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Little-Known Rules of the Road for Pedestrians

By The Husband and Wife Law Team on April 12, 2018

No matter what city you live in, Arizona is a beautiful place to experience on foot. But whether you’re making your way to the nearest hiking trail or you’re just trying to get to work on time, there are rules of the road for pedestrians just as there are for motor vehicles and cyclists. It’s important for pedestrians to review these rules so they can make sure they’re staying within the law.

And even more importantly, so they can make sure they’re staying safe.

Right-of-Way at Crosswalks

Many pedestrians mistakenly believe that they always have the right-of-way when walking among motor vehicles. Not always. So what about crosswalks?

Cars approaching crosswalks must provide the right-of-way to pedestrians who are passing in the half of the crosswalk that is in front of the vehicle. If a pedestrian is close to approaching the half of the crosswalk that the vehicle is approaching, the vehicle must come to a full stop and allow the pedestrian to pass. If a vehicle is stopped at a crosswalk to allow a pedestrian to pass, another vehicle may not go around the stopped vehicle in order to pass it.

But the pedestrian has obligations, too. Although pedestrians aren’t required by law to approach crosswalks cautiously, they should, making sure no car is about to pass through just as they step out onto the street. However, Arizona law does say that at no time, even when entering a crosswalk, should a pedestrian step out so quickly in front of a vehicle that a vehicle does not have time to come to a full stop.

Right-of-Way on Sidewalks

So crosswalks are one place where pedestrians have specific restrictions. But a pedestrian always has the right-of-way on sidewalks, right? Yes, that is true. But some pedestrians don’t use sidewalks properly.

For instance, if there is a sidewalk, it is actually against the law for pedestrians to walk in the roadway, even if they are keeping far to the shoulder and not walking into a vehicle’s path. If a sidewalk is there, it must be used; that is the law. If an overhead pedestrian tunnel or bridge is provided to let pedestrians cross, these passageways must be used. The pedestrian cannot cross the road another way.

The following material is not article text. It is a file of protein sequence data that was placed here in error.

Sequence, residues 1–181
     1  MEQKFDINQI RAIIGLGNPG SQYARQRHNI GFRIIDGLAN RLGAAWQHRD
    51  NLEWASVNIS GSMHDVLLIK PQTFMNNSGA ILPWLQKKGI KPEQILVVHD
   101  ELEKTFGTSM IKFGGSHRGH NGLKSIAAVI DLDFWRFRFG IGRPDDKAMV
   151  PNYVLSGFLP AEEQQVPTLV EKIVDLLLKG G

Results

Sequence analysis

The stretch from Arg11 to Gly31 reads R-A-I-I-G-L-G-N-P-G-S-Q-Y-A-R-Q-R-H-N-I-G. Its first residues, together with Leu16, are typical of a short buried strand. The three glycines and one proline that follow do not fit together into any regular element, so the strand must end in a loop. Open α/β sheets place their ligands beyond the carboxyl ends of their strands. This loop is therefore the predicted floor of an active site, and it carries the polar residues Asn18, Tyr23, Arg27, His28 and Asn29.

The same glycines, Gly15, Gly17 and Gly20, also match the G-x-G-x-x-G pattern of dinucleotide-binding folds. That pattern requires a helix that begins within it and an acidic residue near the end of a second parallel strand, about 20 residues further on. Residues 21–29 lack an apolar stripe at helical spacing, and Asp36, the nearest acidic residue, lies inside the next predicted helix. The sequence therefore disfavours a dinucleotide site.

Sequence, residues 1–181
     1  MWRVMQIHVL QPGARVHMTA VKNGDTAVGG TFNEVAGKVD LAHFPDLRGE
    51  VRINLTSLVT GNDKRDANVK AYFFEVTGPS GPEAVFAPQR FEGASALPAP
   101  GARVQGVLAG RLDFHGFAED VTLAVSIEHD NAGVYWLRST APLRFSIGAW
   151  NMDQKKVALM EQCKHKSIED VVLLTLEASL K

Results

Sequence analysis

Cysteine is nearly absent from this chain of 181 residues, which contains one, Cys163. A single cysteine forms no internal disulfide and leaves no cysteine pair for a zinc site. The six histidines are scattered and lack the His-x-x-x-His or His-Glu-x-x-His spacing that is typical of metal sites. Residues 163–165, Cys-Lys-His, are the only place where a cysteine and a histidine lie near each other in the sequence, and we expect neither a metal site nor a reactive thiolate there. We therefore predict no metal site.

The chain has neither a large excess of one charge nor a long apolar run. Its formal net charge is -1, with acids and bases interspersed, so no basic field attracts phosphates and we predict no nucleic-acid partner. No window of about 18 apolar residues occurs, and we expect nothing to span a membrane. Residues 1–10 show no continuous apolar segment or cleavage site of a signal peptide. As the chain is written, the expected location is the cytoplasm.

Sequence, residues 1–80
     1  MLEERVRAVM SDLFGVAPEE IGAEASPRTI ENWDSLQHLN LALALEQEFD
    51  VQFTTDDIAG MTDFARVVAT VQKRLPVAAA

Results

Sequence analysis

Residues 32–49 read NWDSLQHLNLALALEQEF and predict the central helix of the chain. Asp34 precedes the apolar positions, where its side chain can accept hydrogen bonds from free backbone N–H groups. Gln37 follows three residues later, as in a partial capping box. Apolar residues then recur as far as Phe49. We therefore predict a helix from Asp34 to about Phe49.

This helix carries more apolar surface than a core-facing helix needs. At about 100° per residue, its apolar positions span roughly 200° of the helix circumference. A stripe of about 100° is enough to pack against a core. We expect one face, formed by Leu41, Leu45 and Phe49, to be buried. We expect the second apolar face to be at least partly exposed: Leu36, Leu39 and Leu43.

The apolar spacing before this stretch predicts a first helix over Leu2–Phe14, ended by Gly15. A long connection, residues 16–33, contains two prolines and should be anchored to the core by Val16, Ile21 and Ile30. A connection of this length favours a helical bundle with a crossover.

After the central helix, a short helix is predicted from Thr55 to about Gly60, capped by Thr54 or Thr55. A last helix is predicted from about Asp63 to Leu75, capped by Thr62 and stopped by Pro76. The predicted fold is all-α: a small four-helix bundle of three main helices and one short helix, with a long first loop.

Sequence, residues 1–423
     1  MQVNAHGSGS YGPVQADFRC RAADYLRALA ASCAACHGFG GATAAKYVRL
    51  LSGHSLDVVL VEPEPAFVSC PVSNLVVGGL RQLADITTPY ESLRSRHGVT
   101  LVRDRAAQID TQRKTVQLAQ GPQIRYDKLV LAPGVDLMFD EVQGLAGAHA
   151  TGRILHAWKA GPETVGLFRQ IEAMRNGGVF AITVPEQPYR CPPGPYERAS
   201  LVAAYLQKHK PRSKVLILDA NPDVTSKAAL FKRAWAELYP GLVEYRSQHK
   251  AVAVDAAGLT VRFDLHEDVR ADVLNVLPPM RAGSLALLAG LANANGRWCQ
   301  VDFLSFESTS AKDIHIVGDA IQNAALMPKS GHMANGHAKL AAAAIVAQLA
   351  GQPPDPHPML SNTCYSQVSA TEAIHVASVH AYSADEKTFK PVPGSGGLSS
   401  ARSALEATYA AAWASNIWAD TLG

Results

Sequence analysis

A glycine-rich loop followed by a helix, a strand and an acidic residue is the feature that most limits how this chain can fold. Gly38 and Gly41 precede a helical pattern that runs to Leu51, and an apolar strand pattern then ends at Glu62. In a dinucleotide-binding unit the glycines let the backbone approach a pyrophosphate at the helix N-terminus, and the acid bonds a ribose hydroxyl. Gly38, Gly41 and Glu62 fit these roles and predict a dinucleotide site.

Sidewalk law also applies to pedestrians who are trying to solicit a ride from a driver. Under this law, those trying to obtain a ride from a friend or taxi should try to hail the ride from the sidewalk, or phone ahead of time for pickup. While hitchhiking is not illegal in Arizona, this too must be done at the shoulder or curb of the road, without the hitchhiker actually entering the roadway.

If there is no sidewalk provided, pedestrians may walk on the roadway. Many think that everyone on the road has to travel in the same direction as traffic—vehicles, cyclists, and pedestrians. But in fact, pedestrians who are walking in a road must travel the opposite direction of vehicles. This is so that pedestrians are more visible to motor vehicles, and so that motor vehicles are more visible to pedestrians.


While the term “jaywalking” never actually appears in Arizona law, the law is very clear when it comes to pedestrians crossing the road. Within the state, crossing may only be done at intersections with clear traffic signals and/or clearly outlined crosswalks. At no time should pedestrians dart or jump out in front of traffic, particularly when there is not a designated space for them to do so.

Remember – runners are considered pedestrians, and all runners are expected to follow the same laws set in place for pedestrians.

However, even when you follow the rules of the road and walk (or run) cautiously, accidents can still happen. Motorists may speed and be unable to slam on the brakes in time, or they may make a turn into a crosswalk while distracted by a phone, hitting you. If you suffered a collision with a motor vehicle, our pedestrian injury attorneys at Breyer Law Offices, P.C., may be able to help you get the compensation you need to recover. Call (602) 457-6222 for a free consultation.

Posted in: Pedestrian Accident

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